IF THE LEFT DON’T GET YA, THEN THE RIGHT ONE WILL. Or…maybe they both grab you up at once!
Before I knew the words duality, dichotomy, or mestizaje, I was at home there. Right here in the nowhere. In the there of the everywhere in the bothlands on the borderline in the neitherworld at the same time. Thus the inbetween, the transition. It is my truth, nothing fancy. I don’t know, when I think about it, how we ever became convinced otherwise. Ideas about self, time and the ethereal land on which we meet. Trying to summon impressions of stone under our feet.
That is the illusion, isn’t it? Always? That we bang into? The one that hurts, the one that only lives to die, that only arises to be broken. Over and over and over. I can’t count how many times I’ve felt I had arrived. In one way or another. Remembering that even when I do arrive it is only a plateau in relation to where I had just been standing is a personal challenge and imperative. Which is why, of course, I always come back to that truth. Remembering that the bestowing of symbols upon events and times is purposeful and important. Ritual and recognition and reverence and reification. Important. But again, the conversation about Symbol and Essence.
I love how the Aztec and Mayan calendars are round. Symbols change. Essence repeats. Beginning meets the end in the middle. Time passing as a line marching left is both a tired tradition and modern riddle.
In all the ways I can forget this, there is an abundance of shame and pain and foolishness to be had. And the pain arises, again, from clinging to that illusion of a frozen moment, to the mask, to the rotted husk. To cramp within the seed and not to split the husk in two is to die into that feeling of security, stinking, small, cemented and with a dullness that will spread through the flesh and the veins and the fingernails and the teeth until nothing stirs but flake and ash.
Change is pain.
I was born on the sixth of March, which is the day that begins the Aztec month of Tlacaxipeualiztli. Tlacaxipeualiztli is a Náhuatl word that some sources claim describe the act of wearing skins, others as the act of flaying men. Tlacaxipeualiztli was a 20 day period of festivities and rituals and sacrifice that were meant to see the change of seasons throuvgh, from dry to rainy. It was believed that the old season—the dry, spent season—had to be peeled away like a husk, like a dead skin, to reveal the new.
Xipe Totec was the patron god of Tlacaxipeualiztli and an “enforcer” of the agricultural change. (Xipe Totec is the creator god Tezcatlipoca’s Red Aspect, the god of transition and Spring and suffering.) And as you can see in my rendition above and in all renderings (that I’ve found, from sculpture to temple wall to codex though I’ve not see all codices, nor the entirety of the codices I’ve seen in part) Xipe Totec wears the skin of another over his. Depictions of the old gods will vary from codex to codex in style, and depending on which aspect is shown, in form. Sometimes you will see them in finery, and sometimes (as here) in scales of the skin of others. Sometimes in two dimensions and at times in three. Here, as a icon-like figure, there in a humanesque form. Xipe Totec also has different names to different tribes, but one of them is The Flayed God.
There were many rituals that took place during Tlacaxipeualiztli, and much of them involved wearing the skin of another person. Of course, the removal of a living heart was also a part of the early festivities. Sacrifices were made where men were skinned alive and other men wore their skins dancing, in a symbolic act of a seed bursting from its hull. Games were played by younger men where all wore skins and fought to imprison one another.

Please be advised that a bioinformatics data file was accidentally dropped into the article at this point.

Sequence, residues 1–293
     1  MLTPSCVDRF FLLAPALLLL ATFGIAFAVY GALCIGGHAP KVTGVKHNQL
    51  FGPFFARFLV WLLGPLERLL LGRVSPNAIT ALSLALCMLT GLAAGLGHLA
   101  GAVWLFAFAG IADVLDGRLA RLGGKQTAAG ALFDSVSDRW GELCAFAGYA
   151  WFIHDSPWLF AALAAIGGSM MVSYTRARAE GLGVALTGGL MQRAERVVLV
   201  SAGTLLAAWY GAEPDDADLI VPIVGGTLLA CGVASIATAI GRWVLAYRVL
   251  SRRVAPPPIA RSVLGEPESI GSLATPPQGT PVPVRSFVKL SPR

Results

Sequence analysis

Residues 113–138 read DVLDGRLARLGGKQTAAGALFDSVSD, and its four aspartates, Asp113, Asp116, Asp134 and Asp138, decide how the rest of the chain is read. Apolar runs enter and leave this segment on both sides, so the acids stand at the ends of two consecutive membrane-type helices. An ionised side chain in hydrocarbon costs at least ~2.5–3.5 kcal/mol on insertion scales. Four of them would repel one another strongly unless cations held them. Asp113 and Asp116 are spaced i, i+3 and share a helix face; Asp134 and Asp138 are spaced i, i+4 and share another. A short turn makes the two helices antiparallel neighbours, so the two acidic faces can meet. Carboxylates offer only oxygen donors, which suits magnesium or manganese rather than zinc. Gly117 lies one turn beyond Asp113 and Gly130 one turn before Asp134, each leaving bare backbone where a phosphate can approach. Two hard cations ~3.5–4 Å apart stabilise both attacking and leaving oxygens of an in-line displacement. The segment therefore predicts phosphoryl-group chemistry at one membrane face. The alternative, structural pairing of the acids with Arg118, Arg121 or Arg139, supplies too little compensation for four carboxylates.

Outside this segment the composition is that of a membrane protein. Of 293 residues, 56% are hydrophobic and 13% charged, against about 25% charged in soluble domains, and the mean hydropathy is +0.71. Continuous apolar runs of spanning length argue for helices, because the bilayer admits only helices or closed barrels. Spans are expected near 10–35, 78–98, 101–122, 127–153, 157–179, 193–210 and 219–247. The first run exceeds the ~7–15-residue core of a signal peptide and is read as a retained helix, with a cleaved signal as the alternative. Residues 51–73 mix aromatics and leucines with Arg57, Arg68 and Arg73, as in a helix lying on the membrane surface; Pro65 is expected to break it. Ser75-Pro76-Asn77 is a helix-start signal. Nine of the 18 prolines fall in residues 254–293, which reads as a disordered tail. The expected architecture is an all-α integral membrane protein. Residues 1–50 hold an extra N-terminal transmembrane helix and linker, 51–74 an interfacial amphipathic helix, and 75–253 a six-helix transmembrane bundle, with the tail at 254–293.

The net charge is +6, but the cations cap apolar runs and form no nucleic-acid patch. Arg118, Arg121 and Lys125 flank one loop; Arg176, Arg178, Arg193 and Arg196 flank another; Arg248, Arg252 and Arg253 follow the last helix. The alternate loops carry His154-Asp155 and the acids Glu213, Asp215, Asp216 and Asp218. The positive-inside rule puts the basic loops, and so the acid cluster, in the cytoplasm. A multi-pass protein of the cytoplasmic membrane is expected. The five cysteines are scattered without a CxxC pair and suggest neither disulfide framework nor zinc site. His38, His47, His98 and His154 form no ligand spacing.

During the 20 days of Tlacaxipeualiztli, the human skins began to decay, of course. And sometimes they were allowed to rot for as long as 40 days before being cast off into caves or holes prepared for the purpose, again in a symbol of Spring and the casting away of the old growth.
This would see the people through to the coming of the rainy season, where crops might begin to flourish and grow in abundance. Before, of course, being harvested and withering into the soil again.
Xipe Totec may have been a god of suffering, but was also a god of change.
The US-acculturated mind says, perhaps, “Oh, the barbarity. Oh, how cruel. Oh, how gruesome and primitive.” I understand that.
Yet what cruelties do we provoke in the name of nothing at all? What blood do we shed today not as a sacrifice to a force we truly believe needs the ritual to continue blessing us, but simply because we hate?
The city and the people were engaged fully in the rites of Tlacaxipeualiztli. Young men paraded through all of Tenochtitlán’s streets and visited homes where they were let in to ask for alms given in exchange for Xipe Totec’s blessing. It lasted not a month, and then it was done.
But how long our own bloody transition? And without a goal. And rife with lies. And the priests do not join with the people do not join with the warriors today. We are all at odds, enjoined by lies. And blood flows in many lands at the hands of our warriors—who know not even why or for what they fight. And we hide their rituals from the people. And replace them with lies.
O, but we do usher change. Of that I am sure. As sure as I am of the day of my birth. And we do suffer. But that is what Springtime is for.
What shall bloom from so many seeds still underground? What transition does our sacrifice celebrate? We bathe in ignorance and hide our heads in the sand and look to the past and call them primitive. We wall off and destroy the descendants of those very same people and count ourselves safer.
Yet as always, I live here and there. On both sides. And neither. Always breathing the sharp, acrid, flower-soaked winds of Spring.